The phenol red thread test for lacrimal volume--does it matter if the eyes are open or closed?

Abstract

OBJECT To assess the results from using a commercially available phenol red thread (PRT) test with the eyes being kept open (as recommended by the company) vs a closed eye protocol (as used by some investigators). METHODS A single PRT (Zone-Quick) test was carried out on 97 young adults (average age 21 years, range: 17-36) for 15 s with either the eyes open or closed. The right eye was assessed with 52 subjects undertaking the open eye test first, with the test being repeated 1 h later in the same indoor environment (temperature 21 degrees C and 40% humidity). RESULTS The mean ( +/- S.D.) PRT value for the open eye protocol was marginally higher (at 20.5 +/- 7.0 mm) than for the closed eye (19.7 +/- 5.9 mm), but the overall outcome from the two protocols could range from being 18 mm greater in the open eye to 15 mm greater in the closed eye. Overall, the difference was not statistically different, neither were any substantial differences noted according to age, gender, iris colour, prior contact lens wear or according to which protocol was used first (p >or= 0.2). CONCLUSION These studies indicate that there can be a small difference in single PRT test data according to whether the eyes are kept open or closed, and it would be useful if the protocol used was clearly stated.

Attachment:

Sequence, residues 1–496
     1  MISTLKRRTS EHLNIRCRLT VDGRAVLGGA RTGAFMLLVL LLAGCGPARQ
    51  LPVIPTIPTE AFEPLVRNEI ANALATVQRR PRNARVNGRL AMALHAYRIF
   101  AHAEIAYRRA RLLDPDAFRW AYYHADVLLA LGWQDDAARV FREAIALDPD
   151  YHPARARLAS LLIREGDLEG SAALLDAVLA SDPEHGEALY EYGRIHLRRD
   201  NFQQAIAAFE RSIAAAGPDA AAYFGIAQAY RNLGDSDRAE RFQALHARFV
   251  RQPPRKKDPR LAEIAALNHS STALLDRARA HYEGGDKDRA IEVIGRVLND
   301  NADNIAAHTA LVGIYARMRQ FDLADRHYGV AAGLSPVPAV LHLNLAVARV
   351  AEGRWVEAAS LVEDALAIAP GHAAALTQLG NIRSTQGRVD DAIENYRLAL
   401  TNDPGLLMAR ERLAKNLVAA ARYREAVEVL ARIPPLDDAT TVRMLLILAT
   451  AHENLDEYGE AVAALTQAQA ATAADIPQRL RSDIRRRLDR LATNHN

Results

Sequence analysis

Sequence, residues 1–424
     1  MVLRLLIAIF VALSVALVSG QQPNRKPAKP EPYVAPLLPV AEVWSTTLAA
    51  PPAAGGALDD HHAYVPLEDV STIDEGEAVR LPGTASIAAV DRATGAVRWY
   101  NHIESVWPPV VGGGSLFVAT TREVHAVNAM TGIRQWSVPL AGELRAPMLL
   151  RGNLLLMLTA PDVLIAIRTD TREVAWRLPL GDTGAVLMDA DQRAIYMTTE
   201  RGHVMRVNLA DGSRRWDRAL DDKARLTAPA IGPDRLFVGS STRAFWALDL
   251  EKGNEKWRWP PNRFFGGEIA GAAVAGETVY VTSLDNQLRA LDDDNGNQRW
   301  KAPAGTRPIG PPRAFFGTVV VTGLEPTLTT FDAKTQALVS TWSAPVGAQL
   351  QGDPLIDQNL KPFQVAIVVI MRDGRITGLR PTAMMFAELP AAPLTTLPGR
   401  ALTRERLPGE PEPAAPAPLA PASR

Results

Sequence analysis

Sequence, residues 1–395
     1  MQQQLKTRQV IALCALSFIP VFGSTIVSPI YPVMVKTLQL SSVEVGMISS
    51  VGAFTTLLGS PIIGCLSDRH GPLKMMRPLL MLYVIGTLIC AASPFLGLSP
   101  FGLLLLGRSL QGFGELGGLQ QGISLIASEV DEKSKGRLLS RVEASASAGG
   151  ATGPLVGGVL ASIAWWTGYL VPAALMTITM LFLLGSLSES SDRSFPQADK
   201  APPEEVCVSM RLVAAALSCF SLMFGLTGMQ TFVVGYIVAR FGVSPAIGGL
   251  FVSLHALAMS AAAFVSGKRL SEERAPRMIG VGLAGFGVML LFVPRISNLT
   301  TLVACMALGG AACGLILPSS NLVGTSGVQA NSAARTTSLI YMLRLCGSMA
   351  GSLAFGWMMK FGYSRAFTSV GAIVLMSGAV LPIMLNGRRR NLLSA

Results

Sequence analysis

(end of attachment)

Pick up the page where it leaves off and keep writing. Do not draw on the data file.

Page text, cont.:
Cite this paper

@article{Doughty2007ThePR, title={The phenol red thread test for lacrimal volume--does it matter if the eyes are open or closed?}, author={Michael J. Doughty and Julie Whyte and Wendy Chuen-Yueh Li}, journal={Ophthalmic & physiological optics : the journal of the British College of Ophthalmic Opticians}, year={2007}, volume={27 5}, pages={482-9} }